This is my second Van In book by Aspe, both of which are based in and around Bruges. It’s been a while since reading the first book and it took me a little while to get reacquainted with the characters and Aspe’s writing style. Didn't take long before I eagerly jumped in with both feet following Pieter and Hanna’s impending birth as well as Pieter’s investigation. He has the reputation as a top cop not above stepping beyond the bounds of legal investigation, even a simple version of waterboarding, to get the necessary information. 

Some of the best scenes are when Van In is questioning witnesses and suspects and would make terrific theater; think Tom Cruise vs. Jack Nicholson in A Few Good Men. Given TV and Hollywood’s fascination with mysteries by European authors, producers would be wise to consider the character of Pieter Van In. 

Take note, Hollywood.

From Bruges With Love is slated to be released in the US on July 7, 2015.


The Royal Wulff Murders by Keith McCafferty

Meet Sean Stranahan. Boston born. During and after college did some nominal work as a PI for a relative’s law firm. Got married, no kids. All that aside, his two true loves were painting water colors and fly fishing. When his marriage fell apart, he packed his bags and headed west finally settling in the Madison Valley of Montana. Home to some of the best trout fishing in the US as well as a sort of artist colony for practitioners of Western art. Sean’s front door in the Bridger Mountain Cultural Center lists ‘Blue Ribbon Water Colors (& Private Investigations).’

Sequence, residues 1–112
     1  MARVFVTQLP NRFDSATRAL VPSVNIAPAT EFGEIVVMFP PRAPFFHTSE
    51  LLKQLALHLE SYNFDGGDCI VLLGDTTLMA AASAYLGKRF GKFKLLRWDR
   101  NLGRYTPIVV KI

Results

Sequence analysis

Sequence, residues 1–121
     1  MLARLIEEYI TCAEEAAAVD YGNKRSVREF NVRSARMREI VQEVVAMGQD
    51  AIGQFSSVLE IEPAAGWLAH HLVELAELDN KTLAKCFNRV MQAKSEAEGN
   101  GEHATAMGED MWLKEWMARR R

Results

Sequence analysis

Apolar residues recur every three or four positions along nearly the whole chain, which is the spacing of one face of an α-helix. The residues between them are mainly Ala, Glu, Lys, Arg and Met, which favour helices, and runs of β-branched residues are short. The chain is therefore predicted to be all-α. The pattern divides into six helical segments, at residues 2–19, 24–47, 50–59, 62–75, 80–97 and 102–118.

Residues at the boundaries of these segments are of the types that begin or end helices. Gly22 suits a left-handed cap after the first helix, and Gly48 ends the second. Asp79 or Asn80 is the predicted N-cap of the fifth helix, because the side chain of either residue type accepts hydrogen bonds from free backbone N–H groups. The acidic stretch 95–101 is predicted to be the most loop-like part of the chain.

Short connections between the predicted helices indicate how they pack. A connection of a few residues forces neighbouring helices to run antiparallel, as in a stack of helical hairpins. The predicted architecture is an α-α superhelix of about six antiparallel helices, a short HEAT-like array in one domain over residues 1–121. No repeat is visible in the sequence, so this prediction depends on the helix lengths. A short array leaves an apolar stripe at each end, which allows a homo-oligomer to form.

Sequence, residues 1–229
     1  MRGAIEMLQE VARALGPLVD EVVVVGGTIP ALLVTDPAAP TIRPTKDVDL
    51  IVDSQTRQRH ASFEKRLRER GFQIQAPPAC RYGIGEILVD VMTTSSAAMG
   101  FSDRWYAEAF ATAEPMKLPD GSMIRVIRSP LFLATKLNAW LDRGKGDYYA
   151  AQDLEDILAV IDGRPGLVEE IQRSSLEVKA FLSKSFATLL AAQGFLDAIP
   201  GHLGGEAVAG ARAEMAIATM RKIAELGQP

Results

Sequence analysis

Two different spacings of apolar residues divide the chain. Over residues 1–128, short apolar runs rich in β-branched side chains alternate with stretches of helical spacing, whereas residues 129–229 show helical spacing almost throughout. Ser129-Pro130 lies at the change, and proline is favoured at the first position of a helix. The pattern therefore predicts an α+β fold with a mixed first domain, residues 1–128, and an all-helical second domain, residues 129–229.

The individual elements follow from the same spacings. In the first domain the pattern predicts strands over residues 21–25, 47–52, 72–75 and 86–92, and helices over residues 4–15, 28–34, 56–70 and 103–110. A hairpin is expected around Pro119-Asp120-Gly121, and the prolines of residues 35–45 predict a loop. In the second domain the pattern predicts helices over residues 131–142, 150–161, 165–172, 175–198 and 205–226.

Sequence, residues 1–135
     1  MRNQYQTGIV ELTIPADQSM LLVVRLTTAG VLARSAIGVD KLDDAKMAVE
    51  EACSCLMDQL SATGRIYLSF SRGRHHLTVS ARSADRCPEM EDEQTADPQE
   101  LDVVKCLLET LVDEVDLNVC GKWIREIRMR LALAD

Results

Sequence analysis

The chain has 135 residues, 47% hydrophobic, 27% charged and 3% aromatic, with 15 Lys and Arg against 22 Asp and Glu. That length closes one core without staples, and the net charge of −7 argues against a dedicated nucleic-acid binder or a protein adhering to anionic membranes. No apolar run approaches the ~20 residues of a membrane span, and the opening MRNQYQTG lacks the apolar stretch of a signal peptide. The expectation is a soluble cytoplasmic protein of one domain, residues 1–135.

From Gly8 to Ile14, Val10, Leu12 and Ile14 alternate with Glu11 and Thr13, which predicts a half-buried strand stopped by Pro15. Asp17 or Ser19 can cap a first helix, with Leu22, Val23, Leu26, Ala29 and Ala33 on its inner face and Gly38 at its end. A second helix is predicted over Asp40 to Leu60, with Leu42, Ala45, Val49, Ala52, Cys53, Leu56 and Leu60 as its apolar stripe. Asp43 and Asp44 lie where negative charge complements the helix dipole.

His new found friend is Rainbow Sam, a local fishing guide and all around colorful character, not to mention somewhat of an expert on something called whirling trout disease - killed much of the local trout population, but the numbers of fish are slowly returning. Sam’s current client has been hooking some good fish, but when he hooks a corpse, life in the Madison Valley changes abruptly.

Word gets around quickly, to put it mildly. Sam and Sean are having some beers and bar food at the local hotel’s pub, listening to a visiting woman playing standards on the piano. Shouldn’t be hard to guess who shows up to Sean’s studio/office/apt the next day. She goes by Velvet Lafayette, but her real name is Vareda (an interesting way to spell ‘femme fatal’) and she’s from Louisiana with an odd request.

He daddy had fished there frequently and he died on his last trip the year before.  As a catch-release fisherman, her daddy would cut a notch in the dorsal fin of his more memorable catches as some sort of a signature. Veered wanted to hire Sean to fish the nearby rivers and find one of those notched fish and scatter the ashes in the last pool he fished. Odd request, but getting paid to fish sounded good, so he took the job.

Sheriff Martha Ettinger is ready to tag the corpse as an accidental drowning. While the autopsy agreed with drowning as the cause of death, the water samples from the lung came from lake water, not from a running river. Then someone puts a slug into Rainbow Sam’s shoulder.